In December, 1951, an Egyptian delegation led by Fu’ād Sayyid ‘Imāra, the head of Arabic manuscripts in the Egyptian National library, arrived in Aden on their way to microfilm Yemeni manuscripts. They were received in Ta‘izz by Imam Aḥmad and Foreign Minister Qadi al-‘Amrī and then flew on to Ṣan‘ā’, where they had access to the Western Library of the Great Mosque. They were able to microfilm about 300 manuscripts, including from the collections of the former Imam Yaḥyā and other private collections. This important bibliographic volume is available online.
The topics covered in the manuscripts copied were the following: 110 on kalām, 35 on fiqh and ‘uṣūl, 33 on ta’rīkh, 20 on ḥadīth, 20 on adab, 19 on tafsīr and ‘ulūm al-Qu’rān, 13 on lugha, 8 on Ismā‘īliyya and extreme Shi‘a groups, 5 on various subjects, 3 on qarā’āt and tajwīd, 3 on siyāsa and ijtimā‘ and 2 on manṭiq. Because many of the manuscripts come from royal collections, this is a great asset for anyone studying Zaydi Yemen.
Selections from the Great Mosque Western Library
Continue reading Egyptian Expedition Yemeni Manuscript List
Despite the turmoil and suffering in Yemen, a number of Yemeni artists are continuing to write, draw, photograph and film. One of the more exciting online resources for this is the website al-madaniya, published in English and Arabic. Current posts include an article on Muhammad Mahmud al-Zubayri, Art in prehistoric Yemen, Yemeni songs, the poets ‘Abd al-‘Aziz al-Muqalih and ‘Abd Allah al-Baradduni, several short stories and much more. All the articles are published in Arabic and English, so they are also suitable for anyone interested in learning Arabic.
As note in the “About” section…
al-Madaniya magazine is a platform for Yemeni art, culture and civil society. It aims to highlight and nurture Yemeni art, culture and civil society initiatives through contributions from emerging and established writers, photographers and creatives
The magazine aims to impact the way Yemenis view their own society by providing a space for its cultural, intellectual and artistic productions, and by highlighting initiatives bridging social divisions. By presenting all contributions in both Arabic and English language, the magazine allows the international reader to explore an undiscovered side to Yemen, which differs from images of Yemen created in mainstream media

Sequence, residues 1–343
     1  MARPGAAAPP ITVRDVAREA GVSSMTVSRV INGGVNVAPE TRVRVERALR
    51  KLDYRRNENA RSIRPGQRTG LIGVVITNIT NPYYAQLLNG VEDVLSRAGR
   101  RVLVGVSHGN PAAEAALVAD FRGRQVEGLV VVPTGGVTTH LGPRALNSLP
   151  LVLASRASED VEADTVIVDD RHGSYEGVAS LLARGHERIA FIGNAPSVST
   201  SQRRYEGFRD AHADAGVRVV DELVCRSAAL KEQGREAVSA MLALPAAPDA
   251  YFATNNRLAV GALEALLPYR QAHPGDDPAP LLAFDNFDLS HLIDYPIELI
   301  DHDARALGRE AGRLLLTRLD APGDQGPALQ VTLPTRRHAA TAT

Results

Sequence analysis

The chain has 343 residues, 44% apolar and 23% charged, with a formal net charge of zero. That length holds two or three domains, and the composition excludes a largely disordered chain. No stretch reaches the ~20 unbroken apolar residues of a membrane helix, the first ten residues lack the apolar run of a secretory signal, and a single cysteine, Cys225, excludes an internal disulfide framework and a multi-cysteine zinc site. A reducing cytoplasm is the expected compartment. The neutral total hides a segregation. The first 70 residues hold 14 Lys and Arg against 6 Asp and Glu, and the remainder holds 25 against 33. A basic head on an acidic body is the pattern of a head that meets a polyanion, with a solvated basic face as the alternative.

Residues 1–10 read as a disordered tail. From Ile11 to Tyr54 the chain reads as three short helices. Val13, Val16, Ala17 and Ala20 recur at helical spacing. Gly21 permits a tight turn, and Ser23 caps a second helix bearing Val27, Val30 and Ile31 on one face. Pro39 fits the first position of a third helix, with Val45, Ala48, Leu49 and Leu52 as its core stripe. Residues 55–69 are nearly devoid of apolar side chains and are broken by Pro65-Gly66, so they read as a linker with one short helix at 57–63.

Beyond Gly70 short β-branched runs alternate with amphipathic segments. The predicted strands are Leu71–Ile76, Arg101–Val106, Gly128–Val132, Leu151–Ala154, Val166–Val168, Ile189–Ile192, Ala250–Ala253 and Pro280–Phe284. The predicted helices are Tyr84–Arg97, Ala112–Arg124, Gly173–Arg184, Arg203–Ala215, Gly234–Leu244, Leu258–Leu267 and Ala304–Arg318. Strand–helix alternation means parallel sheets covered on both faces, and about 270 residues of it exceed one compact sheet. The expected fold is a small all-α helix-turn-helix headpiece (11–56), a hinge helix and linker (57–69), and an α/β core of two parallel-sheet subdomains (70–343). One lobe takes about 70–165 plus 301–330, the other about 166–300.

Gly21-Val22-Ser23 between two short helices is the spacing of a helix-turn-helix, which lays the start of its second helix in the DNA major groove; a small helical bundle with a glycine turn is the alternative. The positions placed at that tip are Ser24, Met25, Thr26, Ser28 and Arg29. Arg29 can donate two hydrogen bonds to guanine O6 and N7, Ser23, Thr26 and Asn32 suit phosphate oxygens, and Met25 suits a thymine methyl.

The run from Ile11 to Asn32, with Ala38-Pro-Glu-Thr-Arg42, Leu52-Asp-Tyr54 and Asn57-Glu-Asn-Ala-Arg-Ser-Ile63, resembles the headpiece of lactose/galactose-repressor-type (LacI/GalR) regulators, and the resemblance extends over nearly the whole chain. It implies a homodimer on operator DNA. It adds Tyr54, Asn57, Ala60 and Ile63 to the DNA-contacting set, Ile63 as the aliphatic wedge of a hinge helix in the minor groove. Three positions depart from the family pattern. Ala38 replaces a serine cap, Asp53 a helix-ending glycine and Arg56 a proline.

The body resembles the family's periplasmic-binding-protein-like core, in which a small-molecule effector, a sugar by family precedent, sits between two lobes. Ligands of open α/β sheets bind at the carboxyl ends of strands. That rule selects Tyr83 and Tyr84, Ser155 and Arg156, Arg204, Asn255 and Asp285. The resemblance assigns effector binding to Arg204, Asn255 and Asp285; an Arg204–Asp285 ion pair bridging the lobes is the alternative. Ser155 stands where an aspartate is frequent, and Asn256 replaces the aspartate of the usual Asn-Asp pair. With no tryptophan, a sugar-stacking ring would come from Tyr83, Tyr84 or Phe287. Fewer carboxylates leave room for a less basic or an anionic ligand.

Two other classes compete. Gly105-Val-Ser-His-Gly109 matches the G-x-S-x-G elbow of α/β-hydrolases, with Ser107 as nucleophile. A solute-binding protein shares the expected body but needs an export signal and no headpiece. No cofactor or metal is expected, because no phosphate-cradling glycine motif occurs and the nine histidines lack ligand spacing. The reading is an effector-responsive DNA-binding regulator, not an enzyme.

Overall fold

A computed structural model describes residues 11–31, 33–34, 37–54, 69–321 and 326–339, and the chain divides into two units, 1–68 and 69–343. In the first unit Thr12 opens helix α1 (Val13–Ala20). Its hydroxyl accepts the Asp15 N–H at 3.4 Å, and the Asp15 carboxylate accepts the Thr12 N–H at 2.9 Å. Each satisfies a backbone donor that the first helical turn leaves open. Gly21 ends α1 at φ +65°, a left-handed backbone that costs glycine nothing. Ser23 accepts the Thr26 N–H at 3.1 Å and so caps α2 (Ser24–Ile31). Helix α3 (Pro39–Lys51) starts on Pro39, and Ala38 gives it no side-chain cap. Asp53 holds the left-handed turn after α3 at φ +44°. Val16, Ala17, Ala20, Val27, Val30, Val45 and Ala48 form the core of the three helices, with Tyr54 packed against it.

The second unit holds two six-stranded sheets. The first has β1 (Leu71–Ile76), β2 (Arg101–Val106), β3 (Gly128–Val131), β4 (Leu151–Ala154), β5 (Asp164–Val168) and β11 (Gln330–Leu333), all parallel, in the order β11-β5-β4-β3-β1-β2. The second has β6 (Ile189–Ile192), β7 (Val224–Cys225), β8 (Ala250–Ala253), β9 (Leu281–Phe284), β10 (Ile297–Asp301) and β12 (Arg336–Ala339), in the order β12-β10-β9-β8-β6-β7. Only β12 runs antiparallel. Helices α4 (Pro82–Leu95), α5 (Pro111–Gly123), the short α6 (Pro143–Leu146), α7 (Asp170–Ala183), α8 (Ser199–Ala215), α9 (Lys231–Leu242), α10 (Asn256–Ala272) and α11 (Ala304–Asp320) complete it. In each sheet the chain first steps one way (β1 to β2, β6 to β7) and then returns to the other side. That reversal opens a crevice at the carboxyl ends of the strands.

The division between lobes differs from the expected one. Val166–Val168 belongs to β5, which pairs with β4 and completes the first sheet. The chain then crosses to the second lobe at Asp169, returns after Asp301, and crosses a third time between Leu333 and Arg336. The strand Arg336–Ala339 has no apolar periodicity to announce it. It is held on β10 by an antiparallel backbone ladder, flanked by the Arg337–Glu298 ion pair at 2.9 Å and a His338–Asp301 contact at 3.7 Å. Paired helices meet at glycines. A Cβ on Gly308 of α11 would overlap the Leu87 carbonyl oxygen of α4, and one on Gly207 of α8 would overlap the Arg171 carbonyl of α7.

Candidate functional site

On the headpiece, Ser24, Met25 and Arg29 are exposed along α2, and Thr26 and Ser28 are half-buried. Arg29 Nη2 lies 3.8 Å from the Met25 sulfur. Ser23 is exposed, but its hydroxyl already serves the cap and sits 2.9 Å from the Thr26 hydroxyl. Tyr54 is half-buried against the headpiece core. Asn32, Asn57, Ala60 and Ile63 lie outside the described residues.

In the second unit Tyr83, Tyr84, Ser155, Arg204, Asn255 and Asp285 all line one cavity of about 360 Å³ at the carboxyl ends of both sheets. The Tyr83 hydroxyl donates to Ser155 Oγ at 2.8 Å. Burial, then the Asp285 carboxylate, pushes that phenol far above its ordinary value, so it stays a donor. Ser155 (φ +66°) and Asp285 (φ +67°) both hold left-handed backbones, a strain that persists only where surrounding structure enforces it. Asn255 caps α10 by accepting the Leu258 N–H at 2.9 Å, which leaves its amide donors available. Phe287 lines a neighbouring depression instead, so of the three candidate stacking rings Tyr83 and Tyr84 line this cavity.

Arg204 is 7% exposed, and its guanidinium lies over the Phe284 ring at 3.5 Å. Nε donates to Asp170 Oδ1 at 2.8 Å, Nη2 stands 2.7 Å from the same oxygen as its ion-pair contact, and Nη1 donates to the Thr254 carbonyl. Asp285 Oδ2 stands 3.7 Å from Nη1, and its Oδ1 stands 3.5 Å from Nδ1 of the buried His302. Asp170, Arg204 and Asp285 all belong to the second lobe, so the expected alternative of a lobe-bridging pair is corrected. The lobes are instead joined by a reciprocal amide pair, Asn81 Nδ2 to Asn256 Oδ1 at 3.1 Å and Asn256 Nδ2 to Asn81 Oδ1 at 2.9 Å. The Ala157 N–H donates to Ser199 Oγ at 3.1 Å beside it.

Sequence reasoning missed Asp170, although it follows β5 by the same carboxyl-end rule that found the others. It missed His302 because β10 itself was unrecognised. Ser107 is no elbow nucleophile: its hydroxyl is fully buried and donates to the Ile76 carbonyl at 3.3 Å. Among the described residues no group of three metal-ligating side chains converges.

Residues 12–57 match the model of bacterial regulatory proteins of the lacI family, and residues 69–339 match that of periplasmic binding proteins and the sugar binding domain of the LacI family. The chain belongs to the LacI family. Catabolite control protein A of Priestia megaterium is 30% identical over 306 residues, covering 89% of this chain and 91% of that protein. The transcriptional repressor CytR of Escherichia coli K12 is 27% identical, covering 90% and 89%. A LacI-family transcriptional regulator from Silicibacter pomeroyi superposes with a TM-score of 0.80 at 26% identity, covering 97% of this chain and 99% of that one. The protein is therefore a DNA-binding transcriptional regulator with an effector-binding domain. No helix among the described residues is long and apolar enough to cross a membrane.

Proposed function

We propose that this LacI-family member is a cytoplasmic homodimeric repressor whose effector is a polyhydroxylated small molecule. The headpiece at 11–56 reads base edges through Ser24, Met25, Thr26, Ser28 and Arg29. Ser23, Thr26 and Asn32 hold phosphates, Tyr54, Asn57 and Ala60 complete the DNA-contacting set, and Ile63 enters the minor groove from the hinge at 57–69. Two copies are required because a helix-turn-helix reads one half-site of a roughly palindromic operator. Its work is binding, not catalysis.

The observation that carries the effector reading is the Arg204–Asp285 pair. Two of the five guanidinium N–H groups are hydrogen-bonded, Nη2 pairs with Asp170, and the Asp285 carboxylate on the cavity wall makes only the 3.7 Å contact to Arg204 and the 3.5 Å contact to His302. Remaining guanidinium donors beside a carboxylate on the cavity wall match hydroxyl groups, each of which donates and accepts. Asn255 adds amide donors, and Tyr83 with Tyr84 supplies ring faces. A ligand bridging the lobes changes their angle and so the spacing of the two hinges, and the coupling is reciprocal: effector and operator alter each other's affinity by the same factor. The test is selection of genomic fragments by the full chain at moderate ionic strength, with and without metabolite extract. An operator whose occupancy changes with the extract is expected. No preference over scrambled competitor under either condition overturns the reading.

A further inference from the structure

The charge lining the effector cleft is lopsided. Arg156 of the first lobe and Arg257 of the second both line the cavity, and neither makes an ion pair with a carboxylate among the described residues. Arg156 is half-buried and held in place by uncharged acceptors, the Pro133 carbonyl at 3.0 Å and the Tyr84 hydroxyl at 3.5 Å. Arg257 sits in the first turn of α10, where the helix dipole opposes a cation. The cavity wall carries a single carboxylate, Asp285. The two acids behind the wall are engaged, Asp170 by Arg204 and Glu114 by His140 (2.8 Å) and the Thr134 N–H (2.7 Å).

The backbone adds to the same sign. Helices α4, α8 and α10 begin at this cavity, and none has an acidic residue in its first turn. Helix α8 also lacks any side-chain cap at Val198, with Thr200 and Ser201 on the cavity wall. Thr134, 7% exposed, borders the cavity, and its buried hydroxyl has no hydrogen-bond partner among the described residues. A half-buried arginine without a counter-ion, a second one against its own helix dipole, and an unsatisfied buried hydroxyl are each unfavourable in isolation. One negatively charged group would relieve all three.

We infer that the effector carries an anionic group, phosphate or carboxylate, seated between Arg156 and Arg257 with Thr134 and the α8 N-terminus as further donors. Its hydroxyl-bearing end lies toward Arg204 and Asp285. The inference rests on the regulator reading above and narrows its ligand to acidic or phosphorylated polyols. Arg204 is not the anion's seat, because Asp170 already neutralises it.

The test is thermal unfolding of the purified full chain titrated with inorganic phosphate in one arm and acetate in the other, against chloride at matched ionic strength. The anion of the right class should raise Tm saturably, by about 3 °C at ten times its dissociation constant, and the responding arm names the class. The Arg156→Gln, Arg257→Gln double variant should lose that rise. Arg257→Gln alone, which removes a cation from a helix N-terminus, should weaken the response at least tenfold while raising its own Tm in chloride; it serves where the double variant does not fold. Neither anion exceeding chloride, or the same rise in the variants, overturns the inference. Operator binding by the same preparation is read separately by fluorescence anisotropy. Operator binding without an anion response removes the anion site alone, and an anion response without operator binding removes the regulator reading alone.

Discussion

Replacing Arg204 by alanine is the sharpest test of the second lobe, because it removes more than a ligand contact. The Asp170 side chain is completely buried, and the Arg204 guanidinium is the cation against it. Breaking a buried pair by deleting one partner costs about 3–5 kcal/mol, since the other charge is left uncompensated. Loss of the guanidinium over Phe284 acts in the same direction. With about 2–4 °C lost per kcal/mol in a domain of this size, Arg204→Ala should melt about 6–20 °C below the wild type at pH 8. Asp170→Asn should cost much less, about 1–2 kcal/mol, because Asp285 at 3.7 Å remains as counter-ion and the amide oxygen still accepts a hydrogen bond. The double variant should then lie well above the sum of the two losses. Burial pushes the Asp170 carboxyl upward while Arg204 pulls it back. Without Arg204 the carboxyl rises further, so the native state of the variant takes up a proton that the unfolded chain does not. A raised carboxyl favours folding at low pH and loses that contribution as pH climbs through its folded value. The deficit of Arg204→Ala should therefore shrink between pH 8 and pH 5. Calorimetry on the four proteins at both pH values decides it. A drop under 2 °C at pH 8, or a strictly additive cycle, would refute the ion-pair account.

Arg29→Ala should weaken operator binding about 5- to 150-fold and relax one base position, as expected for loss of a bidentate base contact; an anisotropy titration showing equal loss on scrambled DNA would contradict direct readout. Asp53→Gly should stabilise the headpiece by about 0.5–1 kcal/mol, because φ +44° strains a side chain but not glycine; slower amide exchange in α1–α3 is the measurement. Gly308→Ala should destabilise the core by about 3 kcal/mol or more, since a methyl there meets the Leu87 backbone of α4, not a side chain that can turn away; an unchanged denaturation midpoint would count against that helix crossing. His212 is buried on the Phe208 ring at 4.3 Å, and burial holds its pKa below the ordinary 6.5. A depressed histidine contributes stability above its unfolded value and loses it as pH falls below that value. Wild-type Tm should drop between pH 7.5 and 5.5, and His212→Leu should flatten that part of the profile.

al-Madaniya magazine is a project implemented by the Yemen Polling Center and made possible by the generous funding of the German Institute of Foreign Affairs. Yemeni artist Ibi Ibrahim has been commissioned to lead the project and serve as the Editor in Chief.
View of Taiz
When I arrived in Yemen with my wife and two children in January of 1974, there were few researchers in the country save perhaps for Tomas Gerholm in Manakha. On advice from Yemeni friends in the US, we settled in Taiz where we remained until the end of July 1975. In those days there was no AIYS so we were left to sort things out on our own. About a year after we returned to Detroit I got a call from Mac Gibson about a meeting at the University of Chicago to set up a research facility in Yemen. I thought this a fine idea and took the train to Chicago where I met with Mac, the late Manfred (Kurt) Wenner, Marvin Zonis, and perhaps one or two others whose names I can’t recollect. We ended up meeting two or three times.
Under Mac’s leadership AIYS began to set up bylaws based on the bylaws of other research groups like the American Research Center in Egypt. It was orginally proposed that we might call AIYS the “American Research Center in Yemen” but this was rejected and we eventually settled on the American Institute for Yemeni Studies. I suggested that we include a rule in the bylaws barring anyone engaged on intelligence gathering from the institute on the grounds that researchers and research would be jeopardized if we were in any way perceived as government agents. This amendment found support and was adopted.